In his contribution to Christian Theology and Market Economics , Stephen Grabill reviews the “pre-Enlightenment” history of economic theory. That is to say, scholastic economics. For many economic historians, the notion of a scholastic economic theory is fallacious, and Exhibit #1 is always the scholastic prohibition of usury, grounded in Aristotle’s notion that money is sterile.
Grabill notes that there was at least some recognition among later scholastics that money in certain forms had a “seminal” quality. He cites Antonine of Florence (1389-1459), who distinguished between “simple” money and “capital,” the latter defined as money retained for commercial purposes. Antonine also write, “What, in the firm purpose of its owner, is ordained to some probably profit, has not only the character of mere money or a mere thing, but also beyond this a certain seminal character of something profitable, which we commonly call capital.” When capital is used, “not only must its simple value be returned, but a super-added value as well” (28-29). It is just to return money for money if the money is simple money; but when capital is invested, it is like planting see and it is therefore unjust simply to return what was invested. Returning equitably means returning a profit.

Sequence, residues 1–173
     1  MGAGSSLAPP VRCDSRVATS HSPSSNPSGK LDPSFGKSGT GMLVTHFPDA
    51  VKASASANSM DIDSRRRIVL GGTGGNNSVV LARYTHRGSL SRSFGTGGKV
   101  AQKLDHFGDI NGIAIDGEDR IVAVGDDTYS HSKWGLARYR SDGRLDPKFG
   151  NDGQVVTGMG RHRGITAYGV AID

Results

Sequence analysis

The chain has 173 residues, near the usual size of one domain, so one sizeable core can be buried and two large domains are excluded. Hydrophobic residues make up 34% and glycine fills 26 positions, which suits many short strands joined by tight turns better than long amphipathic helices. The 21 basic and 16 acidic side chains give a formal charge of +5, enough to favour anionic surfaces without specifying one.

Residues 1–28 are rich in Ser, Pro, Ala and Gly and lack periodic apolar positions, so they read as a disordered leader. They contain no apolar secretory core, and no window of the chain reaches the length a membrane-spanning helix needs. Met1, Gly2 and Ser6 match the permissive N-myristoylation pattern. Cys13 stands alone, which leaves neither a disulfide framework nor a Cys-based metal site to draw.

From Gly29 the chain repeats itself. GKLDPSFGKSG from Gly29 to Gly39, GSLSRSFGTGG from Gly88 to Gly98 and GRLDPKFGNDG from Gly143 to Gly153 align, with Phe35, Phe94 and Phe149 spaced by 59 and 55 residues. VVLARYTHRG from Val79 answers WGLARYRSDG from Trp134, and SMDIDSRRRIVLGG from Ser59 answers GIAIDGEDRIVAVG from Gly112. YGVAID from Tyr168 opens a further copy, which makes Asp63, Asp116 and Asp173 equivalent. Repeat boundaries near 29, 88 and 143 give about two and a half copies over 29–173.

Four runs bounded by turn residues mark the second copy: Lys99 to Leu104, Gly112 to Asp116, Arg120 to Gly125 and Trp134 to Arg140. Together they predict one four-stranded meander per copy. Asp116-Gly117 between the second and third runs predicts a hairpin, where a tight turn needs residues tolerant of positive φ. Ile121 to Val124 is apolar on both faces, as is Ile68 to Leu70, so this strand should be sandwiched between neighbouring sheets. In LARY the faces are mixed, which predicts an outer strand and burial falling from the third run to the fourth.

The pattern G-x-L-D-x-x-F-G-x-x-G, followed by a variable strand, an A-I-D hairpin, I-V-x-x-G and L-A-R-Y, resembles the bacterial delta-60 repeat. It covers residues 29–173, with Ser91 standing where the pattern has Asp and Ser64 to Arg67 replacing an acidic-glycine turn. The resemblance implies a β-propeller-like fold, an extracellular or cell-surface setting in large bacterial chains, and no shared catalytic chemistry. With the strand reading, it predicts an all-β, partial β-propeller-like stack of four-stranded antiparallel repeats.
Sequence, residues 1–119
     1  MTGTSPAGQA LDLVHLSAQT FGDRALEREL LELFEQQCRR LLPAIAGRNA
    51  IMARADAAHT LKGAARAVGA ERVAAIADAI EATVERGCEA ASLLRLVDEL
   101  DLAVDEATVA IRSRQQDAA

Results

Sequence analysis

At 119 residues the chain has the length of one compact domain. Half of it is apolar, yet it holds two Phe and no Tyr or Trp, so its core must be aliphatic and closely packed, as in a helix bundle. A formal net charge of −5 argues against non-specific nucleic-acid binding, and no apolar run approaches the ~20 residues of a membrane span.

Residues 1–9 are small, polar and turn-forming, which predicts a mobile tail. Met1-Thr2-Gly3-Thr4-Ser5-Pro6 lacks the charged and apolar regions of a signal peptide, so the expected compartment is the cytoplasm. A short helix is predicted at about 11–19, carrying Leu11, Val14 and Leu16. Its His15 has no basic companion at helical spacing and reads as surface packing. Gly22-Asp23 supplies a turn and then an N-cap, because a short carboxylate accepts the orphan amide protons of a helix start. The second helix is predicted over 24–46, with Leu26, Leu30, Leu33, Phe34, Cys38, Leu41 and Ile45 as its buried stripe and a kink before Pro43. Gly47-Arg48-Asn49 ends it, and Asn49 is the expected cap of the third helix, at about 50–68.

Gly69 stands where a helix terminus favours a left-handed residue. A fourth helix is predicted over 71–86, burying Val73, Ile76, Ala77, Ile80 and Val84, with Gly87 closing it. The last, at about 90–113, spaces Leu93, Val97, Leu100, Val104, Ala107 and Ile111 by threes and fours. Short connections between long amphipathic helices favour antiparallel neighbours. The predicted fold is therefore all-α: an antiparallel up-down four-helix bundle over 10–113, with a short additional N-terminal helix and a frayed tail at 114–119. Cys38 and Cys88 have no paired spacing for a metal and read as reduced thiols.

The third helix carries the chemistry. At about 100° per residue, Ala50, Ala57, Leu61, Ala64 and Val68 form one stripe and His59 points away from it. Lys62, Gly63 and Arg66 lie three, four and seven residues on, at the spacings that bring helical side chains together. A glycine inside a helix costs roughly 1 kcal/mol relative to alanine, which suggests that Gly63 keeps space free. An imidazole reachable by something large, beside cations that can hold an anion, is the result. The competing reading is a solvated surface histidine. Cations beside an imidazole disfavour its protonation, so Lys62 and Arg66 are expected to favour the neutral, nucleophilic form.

Later in the essay, Grabill gives a summary of the work of the theologians of Salamanca, making the intriguing intellectual-historical point that this Spanish “school” was the first place where the philosophy of Aristotle was wed to Justinian’s Corpus juris civilis . Justinian’s code had been rediscovered in the eleventh century, and Aristotle’s works reintroduced to the Latin West in the thirteenth, but the two bodies of thought had existed in “relative isolation” until they met in early sixteenth-century Spain (40).